How To Grow And Care For Jacaranda Trees

Jacaranda trees, or jacaranda mimosifolia, are stunning trees popular in southern regions of the United States, native to South America. They are unmissable when in bloom, with large, vibrant lavender or blue blossoms creating stunning visual interest. In appropriate climates, jacaranda trees are usually seen lining streets, which creates a fantasy-esque whirlwind of purple flowers during blooming seasons. They are also non-toxic to humans and animals, belonging to a family of plants called bignoniaceae, per the ASPCA.

Jacaranda trees represent good luck, rebirth, wealth, and wisdom, according to The Tribute. They are also associated with the Amazonian moon goddess who came from the tree to educate people. According to the legend, when she returned to the tree, it sprouted its famous purple-blue flowers (via Classroom). In the U.S., it is considered good luck when a jacaranda flower falls on your head. These mystical purple and blue trees are relatively easy to care for, given the proper climate and care. Read on to learn how to grow and care for jacaranda trees.

How to use jacaranda trees in garden

Jacaranda trees are popular trees in warmer climates, growing best in USDA hardiness zones 9b through 11, such as in parts of Florida, Texas, and California, per Gardening Know How — check to ensure the plant will survive in your hardiness zone. They are also considered invasive in some areas, such as Queensland, Australia (via The Green Pinky).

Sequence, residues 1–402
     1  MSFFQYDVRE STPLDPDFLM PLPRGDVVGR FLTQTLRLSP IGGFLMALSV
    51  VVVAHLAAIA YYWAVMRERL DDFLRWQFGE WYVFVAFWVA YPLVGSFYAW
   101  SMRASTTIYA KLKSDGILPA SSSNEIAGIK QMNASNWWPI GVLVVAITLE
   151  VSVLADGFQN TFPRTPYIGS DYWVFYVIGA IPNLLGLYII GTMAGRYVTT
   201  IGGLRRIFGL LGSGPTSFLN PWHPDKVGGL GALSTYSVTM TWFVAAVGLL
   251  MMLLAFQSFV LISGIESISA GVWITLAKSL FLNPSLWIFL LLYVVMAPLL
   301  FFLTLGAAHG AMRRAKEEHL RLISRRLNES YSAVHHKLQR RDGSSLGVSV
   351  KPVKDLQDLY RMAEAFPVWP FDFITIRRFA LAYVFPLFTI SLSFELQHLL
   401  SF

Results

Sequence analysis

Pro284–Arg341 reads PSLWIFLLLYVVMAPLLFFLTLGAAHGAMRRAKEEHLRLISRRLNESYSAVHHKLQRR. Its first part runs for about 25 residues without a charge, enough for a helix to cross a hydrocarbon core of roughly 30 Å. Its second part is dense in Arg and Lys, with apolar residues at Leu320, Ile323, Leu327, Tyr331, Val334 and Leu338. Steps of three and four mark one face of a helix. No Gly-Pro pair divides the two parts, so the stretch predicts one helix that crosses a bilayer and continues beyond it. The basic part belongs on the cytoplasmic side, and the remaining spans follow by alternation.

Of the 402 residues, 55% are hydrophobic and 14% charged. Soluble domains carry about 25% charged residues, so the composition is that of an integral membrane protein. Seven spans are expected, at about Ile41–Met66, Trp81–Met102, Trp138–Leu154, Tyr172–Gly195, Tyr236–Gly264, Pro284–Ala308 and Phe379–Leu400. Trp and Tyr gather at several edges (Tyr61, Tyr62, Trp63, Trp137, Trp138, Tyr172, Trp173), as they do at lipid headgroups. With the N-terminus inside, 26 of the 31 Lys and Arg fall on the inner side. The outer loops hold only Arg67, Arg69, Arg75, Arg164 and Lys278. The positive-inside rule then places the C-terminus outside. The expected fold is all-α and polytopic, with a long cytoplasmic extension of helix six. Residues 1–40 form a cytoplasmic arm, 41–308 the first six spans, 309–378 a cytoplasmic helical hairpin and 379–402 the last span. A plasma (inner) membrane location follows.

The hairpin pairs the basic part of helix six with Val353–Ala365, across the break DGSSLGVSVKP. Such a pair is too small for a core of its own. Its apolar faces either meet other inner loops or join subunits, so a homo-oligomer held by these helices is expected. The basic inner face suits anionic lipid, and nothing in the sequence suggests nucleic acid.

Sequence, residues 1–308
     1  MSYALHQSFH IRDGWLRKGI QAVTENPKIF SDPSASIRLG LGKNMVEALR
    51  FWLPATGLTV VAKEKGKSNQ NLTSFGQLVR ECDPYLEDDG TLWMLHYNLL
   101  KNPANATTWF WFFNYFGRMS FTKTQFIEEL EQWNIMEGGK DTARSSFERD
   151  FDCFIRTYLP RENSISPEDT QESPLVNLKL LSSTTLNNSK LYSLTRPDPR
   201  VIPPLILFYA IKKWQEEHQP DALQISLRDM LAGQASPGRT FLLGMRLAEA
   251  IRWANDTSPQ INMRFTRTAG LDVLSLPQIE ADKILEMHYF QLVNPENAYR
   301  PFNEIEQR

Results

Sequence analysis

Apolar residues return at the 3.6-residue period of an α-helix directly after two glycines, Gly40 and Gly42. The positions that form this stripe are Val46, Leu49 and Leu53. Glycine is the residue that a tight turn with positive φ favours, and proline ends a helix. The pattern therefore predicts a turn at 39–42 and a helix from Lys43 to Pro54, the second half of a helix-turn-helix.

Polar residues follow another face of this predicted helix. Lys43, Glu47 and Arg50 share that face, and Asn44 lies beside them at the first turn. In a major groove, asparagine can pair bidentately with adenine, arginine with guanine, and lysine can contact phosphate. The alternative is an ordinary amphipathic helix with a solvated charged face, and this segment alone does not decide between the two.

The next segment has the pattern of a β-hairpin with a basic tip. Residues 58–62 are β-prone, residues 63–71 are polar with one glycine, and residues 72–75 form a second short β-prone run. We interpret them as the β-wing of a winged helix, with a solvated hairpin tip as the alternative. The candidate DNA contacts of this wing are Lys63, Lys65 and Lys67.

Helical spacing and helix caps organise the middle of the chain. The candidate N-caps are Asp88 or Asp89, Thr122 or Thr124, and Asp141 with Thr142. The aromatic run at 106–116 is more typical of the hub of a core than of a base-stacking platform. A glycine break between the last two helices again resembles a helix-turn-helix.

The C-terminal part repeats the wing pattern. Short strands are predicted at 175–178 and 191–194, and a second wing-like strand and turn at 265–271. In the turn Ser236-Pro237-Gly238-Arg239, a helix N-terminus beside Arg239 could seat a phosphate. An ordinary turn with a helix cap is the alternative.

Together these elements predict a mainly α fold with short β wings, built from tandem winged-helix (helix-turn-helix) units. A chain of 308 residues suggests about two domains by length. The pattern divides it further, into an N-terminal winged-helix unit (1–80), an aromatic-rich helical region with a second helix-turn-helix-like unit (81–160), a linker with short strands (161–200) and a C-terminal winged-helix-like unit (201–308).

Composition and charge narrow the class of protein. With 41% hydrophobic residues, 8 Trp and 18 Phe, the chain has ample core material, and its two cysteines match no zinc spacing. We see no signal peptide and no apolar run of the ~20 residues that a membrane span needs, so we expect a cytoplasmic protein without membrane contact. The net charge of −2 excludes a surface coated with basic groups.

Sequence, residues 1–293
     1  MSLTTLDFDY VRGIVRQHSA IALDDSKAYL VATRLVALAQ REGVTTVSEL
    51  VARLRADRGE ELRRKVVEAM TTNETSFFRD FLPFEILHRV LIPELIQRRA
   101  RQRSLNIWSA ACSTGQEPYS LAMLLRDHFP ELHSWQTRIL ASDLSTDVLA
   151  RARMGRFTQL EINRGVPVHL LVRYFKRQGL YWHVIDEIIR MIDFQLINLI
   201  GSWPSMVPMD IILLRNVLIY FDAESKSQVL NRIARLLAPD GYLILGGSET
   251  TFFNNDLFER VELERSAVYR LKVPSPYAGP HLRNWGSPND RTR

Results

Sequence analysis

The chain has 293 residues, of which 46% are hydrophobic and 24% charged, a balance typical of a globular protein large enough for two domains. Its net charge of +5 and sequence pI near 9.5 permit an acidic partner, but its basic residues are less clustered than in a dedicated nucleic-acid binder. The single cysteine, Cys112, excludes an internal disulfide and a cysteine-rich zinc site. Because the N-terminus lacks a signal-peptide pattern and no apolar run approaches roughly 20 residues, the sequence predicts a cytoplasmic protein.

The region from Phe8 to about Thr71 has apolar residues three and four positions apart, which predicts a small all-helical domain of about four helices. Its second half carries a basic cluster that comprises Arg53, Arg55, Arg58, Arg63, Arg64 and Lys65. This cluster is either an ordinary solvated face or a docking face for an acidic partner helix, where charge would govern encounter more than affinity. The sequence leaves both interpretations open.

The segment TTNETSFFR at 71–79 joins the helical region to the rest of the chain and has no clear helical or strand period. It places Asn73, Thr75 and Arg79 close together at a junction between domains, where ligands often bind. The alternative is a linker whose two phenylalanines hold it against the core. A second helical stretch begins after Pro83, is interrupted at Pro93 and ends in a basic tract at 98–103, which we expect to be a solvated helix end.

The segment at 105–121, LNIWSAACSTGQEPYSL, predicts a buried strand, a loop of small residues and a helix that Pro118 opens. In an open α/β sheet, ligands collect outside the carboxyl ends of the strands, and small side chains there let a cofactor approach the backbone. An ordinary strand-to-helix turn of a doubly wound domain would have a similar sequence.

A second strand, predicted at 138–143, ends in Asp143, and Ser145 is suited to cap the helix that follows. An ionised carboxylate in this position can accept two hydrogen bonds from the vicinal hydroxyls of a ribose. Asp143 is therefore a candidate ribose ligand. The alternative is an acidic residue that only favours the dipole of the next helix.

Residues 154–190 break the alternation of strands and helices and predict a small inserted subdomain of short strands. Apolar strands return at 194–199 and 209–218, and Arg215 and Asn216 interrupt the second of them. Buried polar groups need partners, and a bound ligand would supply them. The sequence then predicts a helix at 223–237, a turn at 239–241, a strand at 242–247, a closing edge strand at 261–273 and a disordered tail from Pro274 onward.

Jacaranda trees also grow to enormous sizes. They can be as tall and wide as 60 feet, and prefer full sun for optimal blooming. If you're planning on planting a jacaranda tree in your yard, make sure you are planting it far enough away from your house so it doesn't block out any natural sun coming in. On the flip side, if you would like to shade your house from direct sun, consider planting a jacaranda tree. They are commonly used to line streets and create shade.

Also be aware that jacaranda blooms will fall regularly during blooming season. While this can create a beautiful scene, the leaves will quickly decompose and get slimy, so either plant it somewhere that you will regularly clean up the fallen leaves, or where decomposing leaves won't cause a safety hazard (such as lining a street). Love to Know recommends planting jacaranda trees away from pools and other water structures.

How to grow jacaranda trees

Growing a jacaranda tree can be done in a variety of ways, such as grafting, softwood cutting, from seed, and propagation. While every way will produce a healthy tree, the easiest way for the average gardener is via propagating a stem cutting. To obtain a cutting, look for a branch on an existing jacaranda tree that is at least 1/2 of an inch wide in diameter, per The Spruce. Using clean gardening shears, cut off 3 to 4 inches of the branch. Ideally, you should cut a branch with nodes, but it's not necessary.

From there, you will need to decide how you'd like to develop a root system — in water or in dirt. If you want to begin propagation via water, begin by filling a large, clear glass or jar with distilled water. Add the cutting, and expect root growth within a few weeks. Let the roots grow at least 1 inch long before repotting. Add more water once a week as it evaporates.